A 42-year ABC News veteran, Donaldson served two appointments as chief White House correspondent for ABC News from 1977 to 1989 and again from January 1998 to August 1999, covering Presidents Carter, Reagan and Clinton. Donaldson also co-anchored "PrimeTime Live" with Diane Sawyer from August 1989 until it merged with "20/20" in 1999. He co-anchored the ABC News Sunday morning broadcast "This Week With Sam Donaldson & Cokie Roberts" from December 1996 to September 2002. 

From October 2001 to May 2004, Donaldson hosted "The Sam Donaldson Show -- Live in America," a daily news/talk radio program broadcast on ABC News Radio affiliates across the country. the show tackled the day's top stories and important issues -- getting comments from newsmakers, engaging listener calls and of course inserting his own experiences and opinions.


Donaldson's most recent assignment at ABC News is as co-anchor of "Politics Live" on ABC News Now, the network's 24-hour digital outlet.While Donaldson has retired from full-time work at the network, he will continue to appear frequently as a contributor on the "This Week" roundtable and contribute to ABC News Radio. (Photo by STEVE FENN/ABC)




New Exhibits at the Historic Gettysburg Railroad Station

Camp Curtain

"Harrisburg: Crossroads of the Civil War"
November 3 - December 23, 2010

Harrisburg, Pennsylvania is generally not remembered as one of the great Civil War cities of the country. No battle was ever fought in Harrisburg, nor was the city captured by an enemy force, or raided as others in the North and South had been. However, Harrisburg was not destined to sit idly by as the war raged on to the south. - Excerpt from Panel One "Harrisburg"

Now through December 23rd, the Historic Gettysburg Railroad Station will host a panel exhibit "Harrisburg: Crossroads of the Civil War" on loan from the National Civil War Museum in Harrisburg.  Not only was Harrisburg home to Camp Curtain, a vast 80-acre training camp of the Civil War, it was also the major rail junction in the northeastern United States and as such was an obvious objective of the Confederate Army.

Also part of the exhibit, are display cases containing a range of Civil War era artifacts. EXHIBIT OVERVIEW

This exhibit is on loan from The National Civil War Museum in Harrisburg. Opened in February 2001, The National Civil War Museum is a non-profit educational institution dedicated solely to the American Civil War. It is the largest Civil War museum that addresses the war from both the Northern and Southern perspective, and from both a military and civilian perspective. The Museum protects some of the nation's treasures, including General Robert E. Lee's personal Bible, and more than 24,000 artifacts, documents and photos, worth an estimated $20 million. For more information, please call 717.260.1861, or visit the Museum's website.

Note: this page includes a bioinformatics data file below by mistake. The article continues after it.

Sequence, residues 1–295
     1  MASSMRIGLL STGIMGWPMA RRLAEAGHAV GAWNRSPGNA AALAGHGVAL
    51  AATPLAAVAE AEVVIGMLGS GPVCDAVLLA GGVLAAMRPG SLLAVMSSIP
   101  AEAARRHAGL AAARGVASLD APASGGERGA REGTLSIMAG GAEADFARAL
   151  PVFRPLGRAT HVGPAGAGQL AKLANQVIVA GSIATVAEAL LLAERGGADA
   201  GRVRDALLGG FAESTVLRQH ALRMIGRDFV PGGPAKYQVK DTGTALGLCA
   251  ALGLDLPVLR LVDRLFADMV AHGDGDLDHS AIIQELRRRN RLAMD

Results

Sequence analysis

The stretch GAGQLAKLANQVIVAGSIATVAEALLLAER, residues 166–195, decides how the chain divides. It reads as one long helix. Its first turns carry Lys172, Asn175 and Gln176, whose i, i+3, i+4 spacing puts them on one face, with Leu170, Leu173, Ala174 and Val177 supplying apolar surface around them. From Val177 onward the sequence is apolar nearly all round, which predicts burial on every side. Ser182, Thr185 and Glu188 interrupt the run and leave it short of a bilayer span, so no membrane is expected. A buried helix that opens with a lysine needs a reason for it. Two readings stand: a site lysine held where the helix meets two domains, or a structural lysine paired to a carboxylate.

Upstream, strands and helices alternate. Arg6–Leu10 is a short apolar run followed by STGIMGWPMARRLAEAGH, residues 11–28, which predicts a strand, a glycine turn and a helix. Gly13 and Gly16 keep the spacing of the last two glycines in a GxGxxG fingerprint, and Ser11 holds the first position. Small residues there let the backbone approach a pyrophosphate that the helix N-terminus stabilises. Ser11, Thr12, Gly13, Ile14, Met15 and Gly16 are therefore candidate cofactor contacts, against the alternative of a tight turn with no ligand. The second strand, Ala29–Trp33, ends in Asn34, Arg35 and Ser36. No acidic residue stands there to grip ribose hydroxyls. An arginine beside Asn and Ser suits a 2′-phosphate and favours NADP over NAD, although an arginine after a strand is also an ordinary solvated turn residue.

USCT Recruiting poster

"Glorious March to Liberty"
November 8 - December 3, 2010

Be inspired by the "Glorious March to Liberty," the African American Civil War Museum's traveling exhibit. This fascinating exhibit shares the story of the 209,145 gallant soldiers and sailors who served in the Bureau of the United States Colored Troops during the Civil War. Their story is the story of "a glorious march to liberty." Visitors to the exhibit will learn about this glorious march and be inspired by their legacy of courage, leadership and service to all Americans.

The exhibit is comprised of eight panels with topics that include "Slavery and the Union," "Spies of the Rebellion," "Union Cry for Help," "Soldiers and Sailors," and "Liberators and Defenders." The exhibit contains historical photographs and documents, selections from Harpers Weekly, and excerpts from letters and diaries.EXHIBIT OVERVIEW

"Glorious March to Liberty" is on loan from the African American Civil War Museum in Washington, DC. In January 1999, the African American Civil War Museum opened to the public. Using photographs and documents, the museum helps visitors understand the African American's heroic and largely unknown struggle for freedom. For more information visit their website or call (202) 667-2667.

The Historic Gettysburg Railroad Station is open daily 10 a.m. - 12 p.m. and 1 p.m. - 4 p.m. Admission is free.

Sponsored by the Pennsylvania Abraham Lincoln Bicentennial Commission along with The Civil War Institute, The Department of History, The Africana Studies Program, and The Civil War Era Studies Program at Gettysburg College.

These exhibits were made possible by a grant from the Commonwealth of Pennsylvania Department of Community & Economic Development.